Chef Eric Ripert In The Kitchen

Eric Ripert

Image courtesy of Eric Ripert on Twitter.

When Gilbert Le Coze, Le Bernardin’s 48 year-old chef, died suddenly from a heart attack Eric Ripert, the restaurant’s 29 year-old Executive Chef was asked to step up. In the world of four-star restaurants, Ripert insists that the show must go on, and food service stops for nothing, not even a death. Ripert learned of Le Coze’s death while working for a charity event at the James Beard House, but he did not tell anyone, confident that “that is what Gilbert would have wanted,” for the party to continue. For the same reason, Le Bernardin was open for lunch and dinner service the very next day. “For me the priority is Le Bernardin,” said Ripert. And Gilbert would certainly have agreed.

Gilbert Le Coze, together with his sister Maguy, brought to America a revolutionary cooking style he developed in Paris — preparing fish in ways tailored to each particular species, and letting the distinctive character of the fish come through, rather than indiscriminately shrouding them all with cream and butter. In his wake, Ripert has remained faithful to this vision of the freshest fish in the lightest, most fragrant sauces. But he has also brought his own culinary inspirations to the menu, infusing more unusual spices and flavors into the old classics.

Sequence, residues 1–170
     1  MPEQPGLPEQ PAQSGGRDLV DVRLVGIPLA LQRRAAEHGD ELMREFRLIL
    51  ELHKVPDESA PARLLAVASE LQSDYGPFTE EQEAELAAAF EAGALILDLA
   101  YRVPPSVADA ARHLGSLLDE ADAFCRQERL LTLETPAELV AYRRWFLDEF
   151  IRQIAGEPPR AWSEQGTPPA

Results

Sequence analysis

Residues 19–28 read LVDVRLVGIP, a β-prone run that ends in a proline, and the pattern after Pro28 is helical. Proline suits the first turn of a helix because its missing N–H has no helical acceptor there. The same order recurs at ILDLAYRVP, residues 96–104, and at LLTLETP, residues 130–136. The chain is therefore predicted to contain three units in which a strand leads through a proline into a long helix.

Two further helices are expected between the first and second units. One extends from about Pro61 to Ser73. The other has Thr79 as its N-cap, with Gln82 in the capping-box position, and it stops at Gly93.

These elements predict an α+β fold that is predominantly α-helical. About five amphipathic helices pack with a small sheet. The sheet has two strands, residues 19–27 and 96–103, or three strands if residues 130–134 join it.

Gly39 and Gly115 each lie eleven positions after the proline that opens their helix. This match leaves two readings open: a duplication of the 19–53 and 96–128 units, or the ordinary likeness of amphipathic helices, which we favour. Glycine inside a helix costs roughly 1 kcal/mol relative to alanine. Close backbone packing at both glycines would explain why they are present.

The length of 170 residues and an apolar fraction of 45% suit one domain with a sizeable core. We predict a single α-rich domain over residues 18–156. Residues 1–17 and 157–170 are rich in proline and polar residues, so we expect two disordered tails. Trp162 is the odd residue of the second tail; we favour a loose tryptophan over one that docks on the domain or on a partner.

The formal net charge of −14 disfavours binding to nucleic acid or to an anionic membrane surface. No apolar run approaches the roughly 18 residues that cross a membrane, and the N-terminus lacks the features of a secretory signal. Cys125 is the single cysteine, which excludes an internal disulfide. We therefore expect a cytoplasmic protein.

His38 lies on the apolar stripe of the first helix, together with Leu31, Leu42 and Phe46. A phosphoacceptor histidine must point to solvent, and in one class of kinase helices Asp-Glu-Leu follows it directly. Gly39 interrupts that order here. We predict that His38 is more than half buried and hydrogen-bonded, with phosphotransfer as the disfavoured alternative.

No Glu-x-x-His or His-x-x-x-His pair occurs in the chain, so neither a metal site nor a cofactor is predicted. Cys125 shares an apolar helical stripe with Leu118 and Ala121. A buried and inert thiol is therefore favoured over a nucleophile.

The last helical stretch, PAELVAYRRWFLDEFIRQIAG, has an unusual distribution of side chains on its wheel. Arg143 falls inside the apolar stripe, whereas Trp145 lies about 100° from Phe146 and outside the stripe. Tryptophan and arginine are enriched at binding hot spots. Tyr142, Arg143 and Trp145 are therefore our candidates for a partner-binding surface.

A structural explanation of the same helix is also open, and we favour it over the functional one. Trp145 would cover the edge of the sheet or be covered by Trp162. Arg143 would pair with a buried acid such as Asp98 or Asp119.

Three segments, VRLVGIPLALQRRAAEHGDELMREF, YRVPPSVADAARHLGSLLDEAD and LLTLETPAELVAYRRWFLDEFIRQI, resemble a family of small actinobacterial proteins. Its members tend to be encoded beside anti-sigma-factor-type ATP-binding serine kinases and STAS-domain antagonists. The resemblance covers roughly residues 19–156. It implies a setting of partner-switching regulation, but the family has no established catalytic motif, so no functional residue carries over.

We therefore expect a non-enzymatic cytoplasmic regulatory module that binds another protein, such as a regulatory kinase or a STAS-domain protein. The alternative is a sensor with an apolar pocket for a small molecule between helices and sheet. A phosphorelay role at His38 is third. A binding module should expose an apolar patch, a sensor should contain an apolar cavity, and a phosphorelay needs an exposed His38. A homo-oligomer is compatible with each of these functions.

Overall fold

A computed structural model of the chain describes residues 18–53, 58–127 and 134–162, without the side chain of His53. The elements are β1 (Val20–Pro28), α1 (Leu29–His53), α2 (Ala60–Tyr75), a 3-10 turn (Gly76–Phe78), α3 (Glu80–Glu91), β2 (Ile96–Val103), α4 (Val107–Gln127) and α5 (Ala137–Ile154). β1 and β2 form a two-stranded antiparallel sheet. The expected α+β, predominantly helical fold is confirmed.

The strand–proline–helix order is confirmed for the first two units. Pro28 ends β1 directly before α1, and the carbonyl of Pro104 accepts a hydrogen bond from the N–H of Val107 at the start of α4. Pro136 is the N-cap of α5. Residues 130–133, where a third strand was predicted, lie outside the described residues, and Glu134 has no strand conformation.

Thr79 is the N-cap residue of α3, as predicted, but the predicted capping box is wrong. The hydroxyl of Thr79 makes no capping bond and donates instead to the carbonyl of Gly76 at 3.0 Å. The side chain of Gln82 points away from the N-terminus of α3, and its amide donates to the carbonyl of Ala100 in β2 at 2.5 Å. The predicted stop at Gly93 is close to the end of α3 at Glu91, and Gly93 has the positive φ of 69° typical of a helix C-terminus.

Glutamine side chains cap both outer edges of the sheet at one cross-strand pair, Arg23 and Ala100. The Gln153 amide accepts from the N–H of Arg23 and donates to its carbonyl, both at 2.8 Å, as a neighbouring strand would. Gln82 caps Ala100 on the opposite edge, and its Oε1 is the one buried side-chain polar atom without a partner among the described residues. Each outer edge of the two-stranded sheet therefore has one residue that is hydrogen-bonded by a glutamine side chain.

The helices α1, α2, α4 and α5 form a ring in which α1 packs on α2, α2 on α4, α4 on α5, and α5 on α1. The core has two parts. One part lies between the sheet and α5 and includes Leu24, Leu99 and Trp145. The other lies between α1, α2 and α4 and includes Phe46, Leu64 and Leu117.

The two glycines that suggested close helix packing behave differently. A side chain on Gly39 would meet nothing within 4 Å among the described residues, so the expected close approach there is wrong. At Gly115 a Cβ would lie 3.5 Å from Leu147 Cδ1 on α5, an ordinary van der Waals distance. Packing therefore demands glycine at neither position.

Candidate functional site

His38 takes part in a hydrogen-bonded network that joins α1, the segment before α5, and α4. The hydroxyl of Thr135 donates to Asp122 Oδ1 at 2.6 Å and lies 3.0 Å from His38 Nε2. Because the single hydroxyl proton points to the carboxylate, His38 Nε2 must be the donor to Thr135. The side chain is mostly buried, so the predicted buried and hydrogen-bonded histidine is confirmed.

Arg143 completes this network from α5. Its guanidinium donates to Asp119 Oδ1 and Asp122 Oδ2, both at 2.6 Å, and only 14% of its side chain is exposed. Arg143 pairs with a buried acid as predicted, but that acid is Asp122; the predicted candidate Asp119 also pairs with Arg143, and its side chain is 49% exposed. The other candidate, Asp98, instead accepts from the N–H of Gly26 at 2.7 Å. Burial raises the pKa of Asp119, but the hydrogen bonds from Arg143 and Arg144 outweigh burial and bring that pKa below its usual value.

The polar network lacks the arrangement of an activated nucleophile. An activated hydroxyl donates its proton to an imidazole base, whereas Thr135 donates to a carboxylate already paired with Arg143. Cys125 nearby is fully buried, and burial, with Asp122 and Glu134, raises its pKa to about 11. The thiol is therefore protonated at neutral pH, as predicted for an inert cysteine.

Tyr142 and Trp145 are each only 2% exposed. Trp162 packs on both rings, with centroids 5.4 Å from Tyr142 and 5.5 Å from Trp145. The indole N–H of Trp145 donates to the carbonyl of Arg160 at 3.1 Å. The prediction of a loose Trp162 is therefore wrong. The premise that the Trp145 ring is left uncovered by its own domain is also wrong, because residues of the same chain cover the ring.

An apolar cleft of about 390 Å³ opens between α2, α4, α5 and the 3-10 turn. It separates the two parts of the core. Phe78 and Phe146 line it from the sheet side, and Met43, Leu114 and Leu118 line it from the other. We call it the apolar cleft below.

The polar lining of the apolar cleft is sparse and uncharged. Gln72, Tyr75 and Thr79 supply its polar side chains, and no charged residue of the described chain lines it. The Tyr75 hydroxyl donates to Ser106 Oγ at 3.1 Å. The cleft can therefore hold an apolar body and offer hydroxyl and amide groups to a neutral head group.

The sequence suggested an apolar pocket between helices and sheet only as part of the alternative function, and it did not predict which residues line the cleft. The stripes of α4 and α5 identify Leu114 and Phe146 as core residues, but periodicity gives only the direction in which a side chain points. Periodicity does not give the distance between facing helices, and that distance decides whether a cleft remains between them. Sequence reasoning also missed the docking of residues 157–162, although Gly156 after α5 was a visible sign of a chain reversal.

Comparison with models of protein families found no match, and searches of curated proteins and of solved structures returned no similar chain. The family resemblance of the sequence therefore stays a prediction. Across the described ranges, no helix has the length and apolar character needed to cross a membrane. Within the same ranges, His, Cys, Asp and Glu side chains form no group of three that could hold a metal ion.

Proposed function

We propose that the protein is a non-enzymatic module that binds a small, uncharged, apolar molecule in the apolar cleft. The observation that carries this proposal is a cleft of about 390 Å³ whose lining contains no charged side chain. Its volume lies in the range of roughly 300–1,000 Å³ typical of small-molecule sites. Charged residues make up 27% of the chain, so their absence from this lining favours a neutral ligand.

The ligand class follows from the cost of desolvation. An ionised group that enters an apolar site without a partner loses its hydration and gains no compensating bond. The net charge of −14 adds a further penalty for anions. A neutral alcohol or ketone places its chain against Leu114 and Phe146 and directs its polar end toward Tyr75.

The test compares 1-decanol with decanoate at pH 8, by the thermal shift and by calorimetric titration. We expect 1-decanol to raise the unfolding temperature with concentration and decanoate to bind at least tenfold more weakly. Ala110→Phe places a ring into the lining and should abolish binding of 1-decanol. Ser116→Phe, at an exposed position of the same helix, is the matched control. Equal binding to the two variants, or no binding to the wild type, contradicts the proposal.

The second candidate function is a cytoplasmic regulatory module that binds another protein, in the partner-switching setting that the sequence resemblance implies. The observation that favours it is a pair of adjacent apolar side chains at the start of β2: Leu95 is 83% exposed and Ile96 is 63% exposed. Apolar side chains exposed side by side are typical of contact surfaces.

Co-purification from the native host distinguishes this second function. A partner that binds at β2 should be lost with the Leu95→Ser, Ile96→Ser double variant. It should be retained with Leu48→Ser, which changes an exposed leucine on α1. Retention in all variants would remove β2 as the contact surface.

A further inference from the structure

Ripert, originally from Andorra, has merged his native Mediterranean flavors with his mentor’s impeccable technique. While signature items such as the raw fish appetizers — flash-marinated black bass ceviche with cilantro, mint, and jalapenos, and tuna tartare — keep their place on the menu, Ripert has also created a coconut-marinated swordfish laced with curry and served with fried basmati rice, and a lobster consomm√© afloat with chunks of black truffle and slices of foie gras.

Critics, patrons, and ratings all confirm that Ripert is holding his own for Le Bernardin; with the dedicated support of Maguy Le Coze, he has maintained the restaurant’s New York Times four-star rating. And while Ripert hopes that in ten years he will be able to retire, to visit museums, read, and cook only for friends, he is thrilled with the success of the restaurant. And all concerned are thrilled that Le Bernardin really is his priority right now.